Also, a treatment without consent is battery. However, often the defendants may try to establish that there was implied consent or that even if you knew the information that you now alleged to have not known at that time, you would have anyway consented to that treatment because there were no other better options.

    It is very important that you well prepare your case; otherwise, there may be big cost consequences. Like you said, Canadian Medical Protective Association is a very wealthy organization, which vigorously fights against the negligence claim leaving very less chances for the plaintiffs to win their cases. However, they cannot hide an obvious negligence in anyway. Therefore, it is important to first identify the negligence, which another reasonable physician with the same level of qualifications and experience, in your physician’s place, might have not made; and then, prove it. If your expert witnesses have any question, they are welcome to talk to me.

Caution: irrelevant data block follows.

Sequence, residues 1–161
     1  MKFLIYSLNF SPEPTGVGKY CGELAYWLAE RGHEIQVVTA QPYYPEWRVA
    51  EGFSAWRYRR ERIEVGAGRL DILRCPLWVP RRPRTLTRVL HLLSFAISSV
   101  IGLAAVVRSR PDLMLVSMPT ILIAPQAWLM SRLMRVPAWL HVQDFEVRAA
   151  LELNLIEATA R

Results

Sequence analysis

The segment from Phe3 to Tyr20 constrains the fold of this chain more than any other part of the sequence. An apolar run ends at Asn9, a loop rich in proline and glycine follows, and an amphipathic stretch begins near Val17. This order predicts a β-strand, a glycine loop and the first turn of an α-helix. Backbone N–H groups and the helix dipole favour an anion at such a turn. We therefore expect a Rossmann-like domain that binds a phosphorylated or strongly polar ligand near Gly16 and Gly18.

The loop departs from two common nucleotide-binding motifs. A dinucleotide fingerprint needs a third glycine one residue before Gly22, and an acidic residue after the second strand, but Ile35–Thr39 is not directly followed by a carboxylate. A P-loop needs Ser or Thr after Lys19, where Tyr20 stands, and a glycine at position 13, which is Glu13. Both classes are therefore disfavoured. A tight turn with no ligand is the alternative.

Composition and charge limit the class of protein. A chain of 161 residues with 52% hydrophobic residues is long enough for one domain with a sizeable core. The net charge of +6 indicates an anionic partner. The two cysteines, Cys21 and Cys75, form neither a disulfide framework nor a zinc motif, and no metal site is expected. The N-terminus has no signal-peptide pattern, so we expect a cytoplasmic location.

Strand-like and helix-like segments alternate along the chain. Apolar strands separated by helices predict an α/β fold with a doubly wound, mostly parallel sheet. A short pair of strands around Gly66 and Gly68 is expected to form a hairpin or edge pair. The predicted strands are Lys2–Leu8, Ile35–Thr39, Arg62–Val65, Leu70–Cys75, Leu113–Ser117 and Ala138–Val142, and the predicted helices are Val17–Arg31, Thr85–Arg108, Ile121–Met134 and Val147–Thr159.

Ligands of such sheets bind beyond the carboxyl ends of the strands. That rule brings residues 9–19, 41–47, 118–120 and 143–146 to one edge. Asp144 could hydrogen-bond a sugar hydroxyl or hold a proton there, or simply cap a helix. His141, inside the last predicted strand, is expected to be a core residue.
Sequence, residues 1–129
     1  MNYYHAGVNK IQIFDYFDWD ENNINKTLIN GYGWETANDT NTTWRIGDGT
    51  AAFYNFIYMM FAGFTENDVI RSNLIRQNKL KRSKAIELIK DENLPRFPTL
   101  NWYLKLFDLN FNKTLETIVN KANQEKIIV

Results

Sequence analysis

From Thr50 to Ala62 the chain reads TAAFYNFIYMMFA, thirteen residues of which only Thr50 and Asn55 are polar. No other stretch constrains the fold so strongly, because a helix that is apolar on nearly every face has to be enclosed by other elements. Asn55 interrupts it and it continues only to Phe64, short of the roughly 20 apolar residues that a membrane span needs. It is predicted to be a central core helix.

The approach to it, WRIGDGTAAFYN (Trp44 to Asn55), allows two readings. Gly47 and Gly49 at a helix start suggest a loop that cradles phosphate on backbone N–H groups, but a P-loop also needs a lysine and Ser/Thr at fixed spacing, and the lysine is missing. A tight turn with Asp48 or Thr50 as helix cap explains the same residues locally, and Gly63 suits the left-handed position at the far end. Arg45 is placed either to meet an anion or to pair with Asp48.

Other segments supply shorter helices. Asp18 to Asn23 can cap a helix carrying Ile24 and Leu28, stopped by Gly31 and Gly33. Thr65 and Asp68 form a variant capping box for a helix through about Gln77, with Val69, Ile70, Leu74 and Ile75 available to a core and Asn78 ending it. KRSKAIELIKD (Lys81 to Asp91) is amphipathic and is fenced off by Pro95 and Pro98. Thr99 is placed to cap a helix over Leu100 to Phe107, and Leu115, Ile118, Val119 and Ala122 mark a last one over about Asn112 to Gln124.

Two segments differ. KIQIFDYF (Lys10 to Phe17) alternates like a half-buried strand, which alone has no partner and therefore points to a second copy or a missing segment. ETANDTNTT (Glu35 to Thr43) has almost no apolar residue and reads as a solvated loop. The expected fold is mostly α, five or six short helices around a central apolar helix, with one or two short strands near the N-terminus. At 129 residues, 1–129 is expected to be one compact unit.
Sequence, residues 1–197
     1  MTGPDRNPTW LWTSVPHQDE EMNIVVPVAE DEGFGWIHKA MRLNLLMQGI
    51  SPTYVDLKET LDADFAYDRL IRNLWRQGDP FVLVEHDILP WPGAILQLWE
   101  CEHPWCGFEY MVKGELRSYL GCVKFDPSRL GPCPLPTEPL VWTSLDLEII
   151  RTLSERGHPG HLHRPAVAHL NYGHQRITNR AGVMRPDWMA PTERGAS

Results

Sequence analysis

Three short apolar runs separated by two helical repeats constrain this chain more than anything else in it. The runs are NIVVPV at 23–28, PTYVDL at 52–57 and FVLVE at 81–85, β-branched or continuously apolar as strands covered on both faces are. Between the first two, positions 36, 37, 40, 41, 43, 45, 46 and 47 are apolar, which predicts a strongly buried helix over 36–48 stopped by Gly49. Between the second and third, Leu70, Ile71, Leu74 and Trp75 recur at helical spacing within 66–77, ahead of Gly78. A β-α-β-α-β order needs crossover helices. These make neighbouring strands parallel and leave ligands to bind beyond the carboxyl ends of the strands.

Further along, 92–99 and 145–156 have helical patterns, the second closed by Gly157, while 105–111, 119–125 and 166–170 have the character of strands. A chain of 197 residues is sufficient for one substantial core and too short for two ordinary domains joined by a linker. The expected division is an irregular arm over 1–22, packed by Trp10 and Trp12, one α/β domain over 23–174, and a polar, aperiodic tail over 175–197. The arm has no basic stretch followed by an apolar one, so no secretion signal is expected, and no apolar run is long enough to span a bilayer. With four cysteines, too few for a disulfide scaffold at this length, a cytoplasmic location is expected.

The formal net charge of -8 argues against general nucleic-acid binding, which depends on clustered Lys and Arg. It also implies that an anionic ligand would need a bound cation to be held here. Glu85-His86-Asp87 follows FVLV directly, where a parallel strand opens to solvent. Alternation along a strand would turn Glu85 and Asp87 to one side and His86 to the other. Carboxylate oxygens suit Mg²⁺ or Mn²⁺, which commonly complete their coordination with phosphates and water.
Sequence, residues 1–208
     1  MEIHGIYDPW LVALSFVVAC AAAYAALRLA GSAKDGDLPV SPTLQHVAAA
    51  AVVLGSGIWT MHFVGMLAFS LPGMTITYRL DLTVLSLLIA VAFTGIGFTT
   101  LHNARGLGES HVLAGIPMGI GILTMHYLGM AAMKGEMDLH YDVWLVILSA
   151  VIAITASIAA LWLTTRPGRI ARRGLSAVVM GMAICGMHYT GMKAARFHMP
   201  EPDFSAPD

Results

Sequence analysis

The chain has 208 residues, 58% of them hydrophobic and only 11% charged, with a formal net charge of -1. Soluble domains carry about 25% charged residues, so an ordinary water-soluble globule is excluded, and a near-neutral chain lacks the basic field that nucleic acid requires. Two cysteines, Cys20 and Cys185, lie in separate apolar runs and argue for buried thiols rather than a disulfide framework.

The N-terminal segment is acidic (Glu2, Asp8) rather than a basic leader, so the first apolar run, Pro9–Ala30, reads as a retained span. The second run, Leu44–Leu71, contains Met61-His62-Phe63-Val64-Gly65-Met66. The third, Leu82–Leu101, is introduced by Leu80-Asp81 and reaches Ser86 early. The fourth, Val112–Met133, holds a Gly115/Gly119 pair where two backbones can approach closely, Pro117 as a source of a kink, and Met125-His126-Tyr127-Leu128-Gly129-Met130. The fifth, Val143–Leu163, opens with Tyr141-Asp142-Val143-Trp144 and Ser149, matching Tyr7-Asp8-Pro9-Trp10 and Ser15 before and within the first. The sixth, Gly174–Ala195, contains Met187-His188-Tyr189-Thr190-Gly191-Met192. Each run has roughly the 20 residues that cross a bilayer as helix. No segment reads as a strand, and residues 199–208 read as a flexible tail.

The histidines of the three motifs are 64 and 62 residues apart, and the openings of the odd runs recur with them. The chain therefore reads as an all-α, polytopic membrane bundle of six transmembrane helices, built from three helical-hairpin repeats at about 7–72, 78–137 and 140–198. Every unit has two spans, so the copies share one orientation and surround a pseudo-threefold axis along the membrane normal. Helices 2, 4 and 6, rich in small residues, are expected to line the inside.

Wish you all the best!

    December 14, 2016 at 10:14 pm
  • Tony Kenny

    Same Bull**** in Ontario. POA court, Civil Court and ODSP and CPP Disablity Tribunals.
    I have terminal heart condition and doctors notes not to proceed!

    What Happened to Human Rights?

    Oh! File more court papers!

    December 20, 2016 at 12:30 pm
    • sandra olson

      they are counting on you dying before you get to court. our judicial system does not care about the people, or their rights.

      January 3, 2017 at 1:47 pm
  • Deena J Addis

    I am not just reaching out because Judy is a friend but because this is a travesty. I worked over half of my life behind bars and those who committed the worst crimes had legal representation, many of them legal aid. Those who should have helped her harmed her. We need to be better than this. Don’t victimize her over and over again. It is hard enough to experience what Judy has gone through and what struggles and difficulties she lives with every day and will for the rest of her life. It’s time for people to make a stand and scream. No!!!!! We have to be better than this which seems to be a lot more wide spread than people are aware.

    December 23, 2016 at 12:43 pm
  • Judy Gayton

    Can I write you privately Koba?

    December 23, 2016 at 2:28 pm